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View Full Version : Astronomers on Supernova High Alert



Fraser
2005-Sep-12, 11:26 PM
SUMMARY: Supernovae are easy to see - after they've gone off. But it's impossible to find the stars beforehand, so you can study their final moments. Astronomers think they've found a warning sign that a star is about to explode: X-ray flashes. NASA's High-Energy Transient Explorer (HETE-2) has spotted three different powerful blasts of x-ray radiation over the last few weeks, and if astronomers' models hold true, these are precursors to much more powerful gamma-ray bursts, which have been linked with supernovae. Many telescopes around the world will be studying the regions that these x-ray flashes happened, hoping to catch a supernova in the act of exploding.

View full article (http://www.universetoday.com/am/publish/astronomers_supernova_high_alert.html)
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trinitree88
2005-Sep-13, 12:43 AM
I respectfully disagree with the comment that it is impossible to find supernovae before they go off.
There are stars known as reverse novas. They shine at a certain magnitude, dim, and return to their previous visual luminosity....kind of like a Cepheid variable in reverse. R Corona Borealis is such a star. What happens in the case of R Cor. Bor. is that the star puffs off a carbon rich outer layer. The ( soot, buckyballs, whatever...) obscures the star in the visible spectrum. It simultaneously increases the star's infrared output, so that the total bolometric magnitude remains constant....otherwise we'd be inferring a sudden dimming of it's thermonuclear efficiency internally. Not likely.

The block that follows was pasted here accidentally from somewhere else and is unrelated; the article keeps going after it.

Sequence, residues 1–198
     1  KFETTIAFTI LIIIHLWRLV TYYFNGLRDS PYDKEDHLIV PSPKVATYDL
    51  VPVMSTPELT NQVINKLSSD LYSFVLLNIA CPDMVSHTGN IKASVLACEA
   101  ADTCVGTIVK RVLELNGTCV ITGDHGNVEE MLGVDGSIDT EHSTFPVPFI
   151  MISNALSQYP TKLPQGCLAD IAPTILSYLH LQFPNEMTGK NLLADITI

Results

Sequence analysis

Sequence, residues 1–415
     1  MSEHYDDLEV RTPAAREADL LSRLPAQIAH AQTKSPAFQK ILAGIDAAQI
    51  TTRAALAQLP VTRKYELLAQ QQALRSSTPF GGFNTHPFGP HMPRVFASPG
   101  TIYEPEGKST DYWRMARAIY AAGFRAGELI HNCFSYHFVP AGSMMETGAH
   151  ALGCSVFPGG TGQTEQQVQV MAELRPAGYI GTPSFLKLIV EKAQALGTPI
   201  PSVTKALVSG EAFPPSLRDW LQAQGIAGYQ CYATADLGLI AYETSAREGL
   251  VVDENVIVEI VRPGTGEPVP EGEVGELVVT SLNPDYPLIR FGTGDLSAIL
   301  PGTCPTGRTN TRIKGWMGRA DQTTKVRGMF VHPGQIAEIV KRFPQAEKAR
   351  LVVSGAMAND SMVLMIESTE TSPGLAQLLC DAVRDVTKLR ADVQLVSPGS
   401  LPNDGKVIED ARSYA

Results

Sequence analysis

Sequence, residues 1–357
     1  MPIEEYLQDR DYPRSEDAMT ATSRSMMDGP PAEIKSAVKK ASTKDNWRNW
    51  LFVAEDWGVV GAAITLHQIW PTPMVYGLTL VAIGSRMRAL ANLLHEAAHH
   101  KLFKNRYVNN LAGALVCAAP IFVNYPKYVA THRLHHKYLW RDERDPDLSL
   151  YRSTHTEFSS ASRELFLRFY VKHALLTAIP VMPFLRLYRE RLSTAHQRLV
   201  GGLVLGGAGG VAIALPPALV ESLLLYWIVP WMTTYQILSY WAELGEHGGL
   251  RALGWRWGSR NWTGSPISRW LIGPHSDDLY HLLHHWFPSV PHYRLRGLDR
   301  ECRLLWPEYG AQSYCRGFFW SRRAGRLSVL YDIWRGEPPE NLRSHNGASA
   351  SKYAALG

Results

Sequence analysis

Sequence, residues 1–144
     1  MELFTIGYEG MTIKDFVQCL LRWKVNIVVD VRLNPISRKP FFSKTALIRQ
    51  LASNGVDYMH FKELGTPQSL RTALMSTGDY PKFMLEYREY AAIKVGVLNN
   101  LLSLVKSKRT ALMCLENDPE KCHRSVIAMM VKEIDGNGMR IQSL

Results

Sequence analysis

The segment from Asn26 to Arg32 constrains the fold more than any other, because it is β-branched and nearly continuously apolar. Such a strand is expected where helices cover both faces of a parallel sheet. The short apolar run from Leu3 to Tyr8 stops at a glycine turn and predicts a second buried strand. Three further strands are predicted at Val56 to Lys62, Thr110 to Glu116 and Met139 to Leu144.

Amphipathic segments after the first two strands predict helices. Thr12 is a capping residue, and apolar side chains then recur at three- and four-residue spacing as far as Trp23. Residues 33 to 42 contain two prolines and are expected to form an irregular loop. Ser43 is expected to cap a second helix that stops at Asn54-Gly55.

However, R Cor. Bor. is a massive supergiant, exceeding 8 solar masses, and a type 2 supernova progenitor candidate as well. In the late stages of it's progenitor life, as the star develops an iron core in it's last year pre-supernova...it runs through the curve of binding energy towards iron/nickel. As it changes fuel nuclides, it leaks neutrinos. The neutrino leakiness increases, as heavier and heavier nuclides are burned ever more rapidly to stave off the overpressure. Normally, in other type 2 progenitors, the neutrinos escape undetected into outer space. But in the case of R.Cor.Bor. some of the neutrinos flooding away will scatter in the sooty nebula, transferring momenta and energy to it. So, although the cross-sections (sigma) are low, the flux (phi) becomes prodigious, just before core collapse....and an odd increase in the infrared bolometric magnitude signals the imminent supernova. It was at Williams College, AAPT/APS meeting 1993, that I suggested, during a talk labeled " R Corona Borealis, Infrared Enigma", that somebody take up an observing program of R. Cor Bor. type stars. Southwest Lousiana State did shortly afterward. Patience. Ciao. Pete